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  1. Abstract Continuous gravitational waves are nearly monochromatic signals emitted by asymmetries in rotating neutron stars. These signals have not yet been detected. Deep all-sky searches for continuous gravitational waves from isolated neutron stars require significant computational expense. Deep searches for neutron stars in binary systems are even more expensive, but these targets are potentially more promising emitters, especially in the hundreds of Hertz region, where ground-based gravitational-wave detectors are most sensitive. We present here an all-sky search for continuous signals with frequency between 300 and 500 Hz, from neutron stars in binary systems with orbital periods between 15 and 60more »days and projected semimajor axes between 10 and 40 lt-s. This is the only binary search on Advanced LIGO data that probes this frequency range. Compared to previous results, our search is over an order of magnitude more sensitive. We do not detect any signals, but our results exclude plausible and unexplored neutron star configurations, for example, neutron stars with relative deformations greater than 3 × 10 −6 within 1 kpc from Earth and r -mode emission at the level of α ∼ a few 10 −4 within the same distance.« less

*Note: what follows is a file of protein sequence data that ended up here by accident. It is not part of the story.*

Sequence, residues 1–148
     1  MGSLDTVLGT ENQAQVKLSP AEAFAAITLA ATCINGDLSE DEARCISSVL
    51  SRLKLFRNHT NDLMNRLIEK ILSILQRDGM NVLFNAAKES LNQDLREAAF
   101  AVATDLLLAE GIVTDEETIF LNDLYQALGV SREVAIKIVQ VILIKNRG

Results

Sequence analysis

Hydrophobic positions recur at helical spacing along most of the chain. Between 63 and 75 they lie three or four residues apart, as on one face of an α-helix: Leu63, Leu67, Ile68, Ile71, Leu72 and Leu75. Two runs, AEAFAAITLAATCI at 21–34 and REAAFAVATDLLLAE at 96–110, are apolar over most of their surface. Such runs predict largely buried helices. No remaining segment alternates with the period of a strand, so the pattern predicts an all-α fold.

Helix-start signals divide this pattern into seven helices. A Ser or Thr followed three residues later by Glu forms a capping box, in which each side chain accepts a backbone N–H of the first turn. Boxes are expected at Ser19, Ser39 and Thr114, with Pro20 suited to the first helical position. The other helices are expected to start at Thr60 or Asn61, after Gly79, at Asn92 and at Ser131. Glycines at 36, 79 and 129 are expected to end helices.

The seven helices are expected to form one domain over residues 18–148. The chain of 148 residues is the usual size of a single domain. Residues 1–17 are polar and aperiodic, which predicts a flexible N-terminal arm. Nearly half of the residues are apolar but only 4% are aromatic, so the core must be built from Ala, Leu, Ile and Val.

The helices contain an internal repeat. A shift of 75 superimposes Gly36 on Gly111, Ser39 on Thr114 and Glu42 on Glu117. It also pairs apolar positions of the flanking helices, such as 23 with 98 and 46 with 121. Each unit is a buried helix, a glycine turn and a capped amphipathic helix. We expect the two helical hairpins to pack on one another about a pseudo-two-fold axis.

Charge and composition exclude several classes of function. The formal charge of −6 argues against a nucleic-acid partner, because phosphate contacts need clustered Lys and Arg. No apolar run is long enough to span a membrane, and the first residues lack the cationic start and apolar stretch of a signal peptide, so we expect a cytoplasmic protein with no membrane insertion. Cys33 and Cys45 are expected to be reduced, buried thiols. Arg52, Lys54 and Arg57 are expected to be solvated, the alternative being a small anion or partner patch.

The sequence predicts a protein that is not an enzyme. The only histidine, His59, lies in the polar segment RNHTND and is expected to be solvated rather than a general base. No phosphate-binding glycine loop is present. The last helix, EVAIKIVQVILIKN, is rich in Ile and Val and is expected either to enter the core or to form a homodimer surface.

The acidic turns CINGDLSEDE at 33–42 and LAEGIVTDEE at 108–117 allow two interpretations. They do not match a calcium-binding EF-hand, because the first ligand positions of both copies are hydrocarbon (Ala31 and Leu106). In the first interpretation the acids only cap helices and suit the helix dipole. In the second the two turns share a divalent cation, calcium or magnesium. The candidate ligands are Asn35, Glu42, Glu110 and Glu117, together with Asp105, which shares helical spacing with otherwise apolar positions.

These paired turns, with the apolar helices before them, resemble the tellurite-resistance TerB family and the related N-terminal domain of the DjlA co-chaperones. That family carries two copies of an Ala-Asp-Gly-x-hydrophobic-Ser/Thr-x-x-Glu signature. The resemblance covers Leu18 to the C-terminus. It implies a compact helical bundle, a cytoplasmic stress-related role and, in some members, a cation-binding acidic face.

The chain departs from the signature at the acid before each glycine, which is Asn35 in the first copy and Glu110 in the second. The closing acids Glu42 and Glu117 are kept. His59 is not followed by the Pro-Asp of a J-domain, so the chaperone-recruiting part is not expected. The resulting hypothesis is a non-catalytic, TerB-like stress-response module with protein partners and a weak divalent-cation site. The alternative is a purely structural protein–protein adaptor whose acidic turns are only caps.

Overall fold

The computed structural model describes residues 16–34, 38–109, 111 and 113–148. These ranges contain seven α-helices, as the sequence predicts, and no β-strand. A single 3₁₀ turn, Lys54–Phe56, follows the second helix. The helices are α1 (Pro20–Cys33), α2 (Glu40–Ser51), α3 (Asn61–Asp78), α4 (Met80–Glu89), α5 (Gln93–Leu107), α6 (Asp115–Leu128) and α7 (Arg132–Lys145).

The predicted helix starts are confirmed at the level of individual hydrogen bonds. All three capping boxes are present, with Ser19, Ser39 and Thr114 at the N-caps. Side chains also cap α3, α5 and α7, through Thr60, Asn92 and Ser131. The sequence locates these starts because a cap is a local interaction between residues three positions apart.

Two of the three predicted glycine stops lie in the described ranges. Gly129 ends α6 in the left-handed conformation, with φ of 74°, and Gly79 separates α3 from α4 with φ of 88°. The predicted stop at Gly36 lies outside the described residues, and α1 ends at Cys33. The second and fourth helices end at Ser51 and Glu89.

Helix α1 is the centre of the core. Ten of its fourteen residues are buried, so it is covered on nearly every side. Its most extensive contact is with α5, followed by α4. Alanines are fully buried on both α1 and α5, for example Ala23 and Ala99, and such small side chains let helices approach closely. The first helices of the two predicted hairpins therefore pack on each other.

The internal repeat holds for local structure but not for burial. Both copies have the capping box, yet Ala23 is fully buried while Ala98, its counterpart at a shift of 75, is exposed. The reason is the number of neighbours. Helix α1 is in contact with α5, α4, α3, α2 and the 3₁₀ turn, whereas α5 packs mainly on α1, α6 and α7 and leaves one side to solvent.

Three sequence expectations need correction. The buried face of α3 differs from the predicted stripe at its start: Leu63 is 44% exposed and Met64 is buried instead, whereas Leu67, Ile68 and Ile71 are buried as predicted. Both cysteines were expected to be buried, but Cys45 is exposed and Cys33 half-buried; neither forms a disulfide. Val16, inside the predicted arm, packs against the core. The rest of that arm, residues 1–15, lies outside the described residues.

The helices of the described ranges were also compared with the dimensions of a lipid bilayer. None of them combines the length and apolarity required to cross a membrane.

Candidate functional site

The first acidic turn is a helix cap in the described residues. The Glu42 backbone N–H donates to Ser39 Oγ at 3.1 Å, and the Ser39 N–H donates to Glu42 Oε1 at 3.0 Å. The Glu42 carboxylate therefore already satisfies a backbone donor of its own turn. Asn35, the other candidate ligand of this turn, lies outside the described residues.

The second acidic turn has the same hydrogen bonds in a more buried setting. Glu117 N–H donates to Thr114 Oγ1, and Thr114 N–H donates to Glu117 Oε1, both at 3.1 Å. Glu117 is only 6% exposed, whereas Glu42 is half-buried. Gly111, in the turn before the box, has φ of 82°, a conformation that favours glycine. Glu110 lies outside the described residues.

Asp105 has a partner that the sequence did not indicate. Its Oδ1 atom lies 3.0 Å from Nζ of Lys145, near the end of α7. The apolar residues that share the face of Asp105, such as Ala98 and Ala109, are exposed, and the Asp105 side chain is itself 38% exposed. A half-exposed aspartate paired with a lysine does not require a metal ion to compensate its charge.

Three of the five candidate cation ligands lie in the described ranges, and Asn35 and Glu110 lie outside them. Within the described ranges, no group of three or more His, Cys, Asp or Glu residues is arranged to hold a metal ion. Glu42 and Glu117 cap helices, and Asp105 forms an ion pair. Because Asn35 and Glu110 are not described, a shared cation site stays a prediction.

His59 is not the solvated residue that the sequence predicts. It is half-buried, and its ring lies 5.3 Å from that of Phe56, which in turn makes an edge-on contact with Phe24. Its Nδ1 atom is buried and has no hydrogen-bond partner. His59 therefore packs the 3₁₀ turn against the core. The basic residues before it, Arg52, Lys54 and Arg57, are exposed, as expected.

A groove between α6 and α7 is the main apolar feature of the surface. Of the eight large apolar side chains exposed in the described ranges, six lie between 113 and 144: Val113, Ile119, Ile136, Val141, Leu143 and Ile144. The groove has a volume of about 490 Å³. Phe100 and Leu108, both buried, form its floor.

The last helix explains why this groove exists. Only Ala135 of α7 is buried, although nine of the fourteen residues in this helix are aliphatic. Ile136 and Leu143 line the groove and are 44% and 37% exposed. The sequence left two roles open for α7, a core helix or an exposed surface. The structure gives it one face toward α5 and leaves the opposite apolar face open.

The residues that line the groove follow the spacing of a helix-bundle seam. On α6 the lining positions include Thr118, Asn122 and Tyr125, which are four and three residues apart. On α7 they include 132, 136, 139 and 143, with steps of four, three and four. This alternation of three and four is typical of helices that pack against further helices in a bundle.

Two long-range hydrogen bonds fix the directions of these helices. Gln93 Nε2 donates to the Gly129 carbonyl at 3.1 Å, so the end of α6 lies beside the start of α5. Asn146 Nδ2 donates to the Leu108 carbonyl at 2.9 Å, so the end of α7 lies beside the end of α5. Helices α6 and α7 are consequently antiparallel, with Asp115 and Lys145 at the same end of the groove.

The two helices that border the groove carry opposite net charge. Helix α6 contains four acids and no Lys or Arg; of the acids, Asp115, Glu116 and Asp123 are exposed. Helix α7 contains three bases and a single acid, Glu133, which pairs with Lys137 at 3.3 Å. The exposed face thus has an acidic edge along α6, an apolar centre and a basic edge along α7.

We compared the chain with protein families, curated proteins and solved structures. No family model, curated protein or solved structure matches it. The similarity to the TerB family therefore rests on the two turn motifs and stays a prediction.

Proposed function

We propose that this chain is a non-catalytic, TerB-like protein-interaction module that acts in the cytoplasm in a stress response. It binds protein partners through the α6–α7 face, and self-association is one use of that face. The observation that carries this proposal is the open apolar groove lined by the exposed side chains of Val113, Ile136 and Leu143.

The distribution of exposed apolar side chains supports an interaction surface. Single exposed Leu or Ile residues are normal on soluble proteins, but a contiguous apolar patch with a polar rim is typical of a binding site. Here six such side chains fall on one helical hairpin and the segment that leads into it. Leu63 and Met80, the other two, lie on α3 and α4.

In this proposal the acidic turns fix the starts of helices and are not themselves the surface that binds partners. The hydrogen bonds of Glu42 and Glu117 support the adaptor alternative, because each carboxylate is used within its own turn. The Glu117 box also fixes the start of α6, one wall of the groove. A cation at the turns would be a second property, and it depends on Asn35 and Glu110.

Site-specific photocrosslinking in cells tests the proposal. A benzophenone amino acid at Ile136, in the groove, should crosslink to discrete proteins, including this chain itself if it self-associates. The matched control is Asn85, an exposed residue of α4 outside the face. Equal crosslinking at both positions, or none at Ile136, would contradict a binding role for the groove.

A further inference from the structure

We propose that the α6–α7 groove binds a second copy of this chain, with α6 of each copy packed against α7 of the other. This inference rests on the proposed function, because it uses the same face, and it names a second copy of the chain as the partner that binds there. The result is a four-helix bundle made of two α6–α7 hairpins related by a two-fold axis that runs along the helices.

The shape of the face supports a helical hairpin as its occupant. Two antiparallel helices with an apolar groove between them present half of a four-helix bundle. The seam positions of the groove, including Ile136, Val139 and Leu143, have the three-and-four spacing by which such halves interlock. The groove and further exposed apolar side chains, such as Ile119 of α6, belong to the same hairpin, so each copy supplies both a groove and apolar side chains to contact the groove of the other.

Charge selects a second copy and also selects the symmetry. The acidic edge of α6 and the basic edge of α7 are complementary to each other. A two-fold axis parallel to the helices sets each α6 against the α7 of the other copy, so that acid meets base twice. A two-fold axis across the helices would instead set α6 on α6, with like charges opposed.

Free, publicly-accessible full text available April 1, 2023
  2. Abstract We present results of a search for periodic gravitational wave signals with frequencies between 20 and 400 Hz from the neutron star in the supernova remnant G347.3-0.5 using LIGO O2 public data. The search is deployed on the volunteer computing project Einstein@Home, with thousands of participants donating compute cycles to make this endeavour possible. We find no significant signal candidate and set the most constraining upper limits to date on the amplitude of gravitational wave signals from the target, corresponding to deformations below 10 −6 in a large part of the band. At the frequency of best strain sensitivity,more »near 166 Hz, we set 90% confidence upper limits on the gravitational wave intrinsic amplitude of h 0 90 % ≈ 7.0 × 10 − 26 . Over most of the frequency range our upper limits are a factor of 20 smaller than the indirect age-based upper limit.« less
    Free, publicly-accessible full text available January 1, 2023